ARPA-H Initiative Invests to Improve Clinical Trials
- Posted by ISPE Boston
- On November 2, 2023
The Advanced Research Projects Agency for Health (ARPA-H), an agency within the Department of Health and Human Services (HHS), is taking action to improve the nation’s ability to conduct clinical trials safely, quickly, and equitably and to improve clinical trial access for people in communities across the country as the first initiative within the recently launched ARPANET-H Health Innovation Network.
The goal of Advancing Clinical Trial Readiness (ACTR) is to enable 90% of all eligible Americans to take part in a clinical trial within a half hour of their home. To do so, ACTR will leverage the nationwide capabilities and reach of the ARPANET-H Customer Experience Hub by pursuing activities with a diverse array of stakeholders in order to advance, integrate, and extend clinical trial capabilities that overcome challenges in evaluating new technologies, therapies, and platforms.
“Clinical trials are essential to evaluating potentially life-saving breakthroughs and getting them to patients, including in times of rapid response, such as during national emergencies,” said ARPA-H Director Renee Wegrzyn, Ph.D. “The Advancing Clinical Trial Readiness initiative activates the ARPANET-H health innovation network as we work with organizations from across the country to advance technologies and insights to create a robust national clinical trial infrastructure.”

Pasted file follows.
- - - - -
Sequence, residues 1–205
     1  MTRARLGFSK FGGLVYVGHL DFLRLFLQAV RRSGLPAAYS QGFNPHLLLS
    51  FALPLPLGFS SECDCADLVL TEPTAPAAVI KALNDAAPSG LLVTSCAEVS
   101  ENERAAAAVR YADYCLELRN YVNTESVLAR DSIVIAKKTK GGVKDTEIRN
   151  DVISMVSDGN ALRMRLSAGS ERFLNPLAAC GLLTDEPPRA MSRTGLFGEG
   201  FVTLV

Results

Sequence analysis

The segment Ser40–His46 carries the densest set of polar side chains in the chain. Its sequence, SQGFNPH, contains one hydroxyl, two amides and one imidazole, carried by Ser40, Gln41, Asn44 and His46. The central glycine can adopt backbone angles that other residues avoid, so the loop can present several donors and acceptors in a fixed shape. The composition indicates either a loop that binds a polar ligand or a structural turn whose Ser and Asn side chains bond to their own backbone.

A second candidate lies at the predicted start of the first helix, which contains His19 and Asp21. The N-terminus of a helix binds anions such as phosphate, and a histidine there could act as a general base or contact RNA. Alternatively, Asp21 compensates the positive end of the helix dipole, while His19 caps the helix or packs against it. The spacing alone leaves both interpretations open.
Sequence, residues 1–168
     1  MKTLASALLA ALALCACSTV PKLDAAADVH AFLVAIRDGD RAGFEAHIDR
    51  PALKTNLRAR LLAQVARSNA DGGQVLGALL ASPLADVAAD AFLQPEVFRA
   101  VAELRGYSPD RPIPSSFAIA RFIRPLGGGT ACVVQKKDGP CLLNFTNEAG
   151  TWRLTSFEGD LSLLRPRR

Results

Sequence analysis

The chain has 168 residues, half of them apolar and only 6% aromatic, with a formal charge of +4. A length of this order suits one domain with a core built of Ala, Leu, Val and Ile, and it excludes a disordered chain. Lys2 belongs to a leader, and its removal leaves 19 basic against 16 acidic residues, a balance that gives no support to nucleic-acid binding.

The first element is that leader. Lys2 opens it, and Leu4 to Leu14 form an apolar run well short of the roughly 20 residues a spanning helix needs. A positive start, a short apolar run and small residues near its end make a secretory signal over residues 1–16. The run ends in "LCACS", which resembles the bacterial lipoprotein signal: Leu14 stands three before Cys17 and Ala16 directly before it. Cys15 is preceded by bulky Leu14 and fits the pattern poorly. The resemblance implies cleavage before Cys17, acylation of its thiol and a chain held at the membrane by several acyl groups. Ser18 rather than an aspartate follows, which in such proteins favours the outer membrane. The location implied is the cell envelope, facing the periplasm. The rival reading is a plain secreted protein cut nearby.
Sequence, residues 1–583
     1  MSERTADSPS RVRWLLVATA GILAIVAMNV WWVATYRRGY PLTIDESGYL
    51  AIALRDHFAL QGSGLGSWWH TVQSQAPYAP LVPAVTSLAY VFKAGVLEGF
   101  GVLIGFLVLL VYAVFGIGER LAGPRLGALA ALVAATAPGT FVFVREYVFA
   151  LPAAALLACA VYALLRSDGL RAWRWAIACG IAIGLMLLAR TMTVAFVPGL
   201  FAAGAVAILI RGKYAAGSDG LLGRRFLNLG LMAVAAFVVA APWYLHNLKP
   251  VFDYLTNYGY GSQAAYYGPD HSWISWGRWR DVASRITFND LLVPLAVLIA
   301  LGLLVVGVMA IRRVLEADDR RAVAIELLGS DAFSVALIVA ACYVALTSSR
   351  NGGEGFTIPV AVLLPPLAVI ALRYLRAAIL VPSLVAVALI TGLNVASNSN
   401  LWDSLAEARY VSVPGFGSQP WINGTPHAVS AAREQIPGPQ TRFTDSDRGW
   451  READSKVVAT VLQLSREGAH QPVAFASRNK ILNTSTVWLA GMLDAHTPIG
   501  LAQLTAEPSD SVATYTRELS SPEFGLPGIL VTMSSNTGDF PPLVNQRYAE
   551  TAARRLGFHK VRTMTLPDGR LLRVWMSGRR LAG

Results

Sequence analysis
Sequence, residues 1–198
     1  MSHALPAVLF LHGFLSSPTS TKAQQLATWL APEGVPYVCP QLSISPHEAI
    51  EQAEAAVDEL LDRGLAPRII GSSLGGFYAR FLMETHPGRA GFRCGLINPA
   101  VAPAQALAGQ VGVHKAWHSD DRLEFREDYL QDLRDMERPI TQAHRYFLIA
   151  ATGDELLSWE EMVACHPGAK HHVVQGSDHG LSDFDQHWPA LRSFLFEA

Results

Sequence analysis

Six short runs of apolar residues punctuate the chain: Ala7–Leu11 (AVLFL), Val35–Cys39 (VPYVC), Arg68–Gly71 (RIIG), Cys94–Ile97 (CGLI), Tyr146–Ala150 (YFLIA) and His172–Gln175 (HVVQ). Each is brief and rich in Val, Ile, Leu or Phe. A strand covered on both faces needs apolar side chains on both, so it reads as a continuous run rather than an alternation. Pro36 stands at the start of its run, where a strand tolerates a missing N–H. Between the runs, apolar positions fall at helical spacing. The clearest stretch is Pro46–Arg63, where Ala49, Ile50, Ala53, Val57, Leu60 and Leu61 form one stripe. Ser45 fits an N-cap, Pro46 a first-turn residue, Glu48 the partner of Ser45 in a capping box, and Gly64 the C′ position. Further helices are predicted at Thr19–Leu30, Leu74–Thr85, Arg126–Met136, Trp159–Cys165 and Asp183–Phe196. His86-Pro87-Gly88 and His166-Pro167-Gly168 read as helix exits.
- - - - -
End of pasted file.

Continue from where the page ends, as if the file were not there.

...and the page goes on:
According to the agency’s website, challenges in conducting clinical trials are slowing the speed at which new treatments can get to patients, such as lack of interoperability across electronic health records, enrollment processes that can lead to non-representative study populations, complex study protocols, lack of access to people living in certain parts of the United States, and the myriad and inconsistent variables involved in running trials in real-world settings, or the cost in running trials in controlled settings.
ACTR will work with groups across the country, including innovators, industry, patients, academia, hospital centers, community health centers, and non-traditional partners, such as retail pharmacies or home health innovators, to build faster, less expensive trials with decentralized processes. The effort will also build trials that operate closer to, or at, points of care and are representative of our nation’s geography, age, gender, race, ethnicity, and socioeconomic groups. (Source: ARPA-H Website, 19 October, 2023)